Let's start the program. *BANG* a nag-screen pops up. This is not a very good idea. If the program can be updated to the full version with a serial or keyfile or whatever there must be a check if the serial/keyfile... is valid. Crackers start usually by looking at the strings that appear in the nag-screen, so it would be better to use BMP pictures as nagscreen... but only if you program your own functions to show them. If you use the API functions there are no security improvements, because the relative angles of the code can easily be located.
Back to the nag-screen. To check if the program is shareware it has to read a value from a file or the windows-registry. This value can be something like:



Name: XXX
Code: YYY

If the programmer used the first solution it is easy to get rid of the nag-screen. If he did choose the second one the code must be calculated before calling the nag-screen. So the cracker can easily find the calculation function that is perfectly hidden in the other parts of the program.

Normally a nag-screen is useful for showing the user how much time he has left in his evaluation period. Using something like GetSystemDate is not the best solution for the time calculation. The user can easily turn back the windows clock and the program will never expire. At least you programmers should check if something strange happened (time jumps or something like that).
A much more effective way to get the current date is the file SYSTEM.DA0. This file is updated every reboot and has always the correct date (if the user does have the correct date when he starts his computer). Another example: To make some programs never expire, you can do this: Add 10 years to your system date, install the application and switch back the date.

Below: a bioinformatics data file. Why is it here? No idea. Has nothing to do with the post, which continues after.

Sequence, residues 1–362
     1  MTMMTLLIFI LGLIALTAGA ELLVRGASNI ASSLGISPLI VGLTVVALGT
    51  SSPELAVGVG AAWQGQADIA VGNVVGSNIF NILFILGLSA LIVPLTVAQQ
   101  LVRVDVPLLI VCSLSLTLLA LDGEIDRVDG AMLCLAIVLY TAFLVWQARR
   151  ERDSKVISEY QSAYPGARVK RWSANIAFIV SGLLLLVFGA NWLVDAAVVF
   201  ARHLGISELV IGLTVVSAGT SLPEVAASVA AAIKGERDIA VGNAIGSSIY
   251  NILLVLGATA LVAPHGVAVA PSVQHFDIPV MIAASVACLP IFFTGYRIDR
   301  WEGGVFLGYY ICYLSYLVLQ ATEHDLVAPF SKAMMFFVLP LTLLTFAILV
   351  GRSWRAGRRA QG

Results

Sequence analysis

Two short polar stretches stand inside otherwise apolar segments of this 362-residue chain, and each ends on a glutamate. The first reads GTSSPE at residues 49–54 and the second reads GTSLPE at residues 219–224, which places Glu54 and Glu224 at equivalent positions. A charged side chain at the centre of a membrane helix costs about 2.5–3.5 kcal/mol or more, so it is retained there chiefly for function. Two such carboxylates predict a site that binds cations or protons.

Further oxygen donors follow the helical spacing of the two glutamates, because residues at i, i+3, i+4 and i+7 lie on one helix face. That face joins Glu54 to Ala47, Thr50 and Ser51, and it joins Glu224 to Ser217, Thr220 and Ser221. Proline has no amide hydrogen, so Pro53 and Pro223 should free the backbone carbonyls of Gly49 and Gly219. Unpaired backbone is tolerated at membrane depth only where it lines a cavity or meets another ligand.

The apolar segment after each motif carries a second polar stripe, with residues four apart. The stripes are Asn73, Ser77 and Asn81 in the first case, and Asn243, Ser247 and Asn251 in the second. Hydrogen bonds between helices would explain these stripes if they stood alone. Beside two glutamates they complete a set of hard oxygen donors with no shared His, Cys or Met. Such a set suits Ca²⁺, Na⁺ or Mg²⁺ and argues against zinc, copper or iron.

Start the application and you have more than 3600 days left for testing. (before such an expiration limit there will be a newer version of your target ;-)

OK, click away the nag-screen. Like in most programs you will see an UNREGISTERED window caption.
One more chance (angle) for the cracker. If you calculate the code inj your program you shouldn't change the window caption and other restrictions at once, because the place where the calculation code was hidden can be easily found in this way.
Better change the caption some hundred lines later. (Note: Are there any programs that check if they are full versions by checking the window title? If there are some, the programmer has chosen the wrong job)

Looking around in Win-Dummy we recognize that some functions are not available in the share-ware version. Some buttons and menus are grayed or a messagebox pops up saying "This option will be available only in the full version". First of all remeber to define all menus during runtime, because predefined menus that are stored in the EXE file can easily be changed with a resource workshop tool.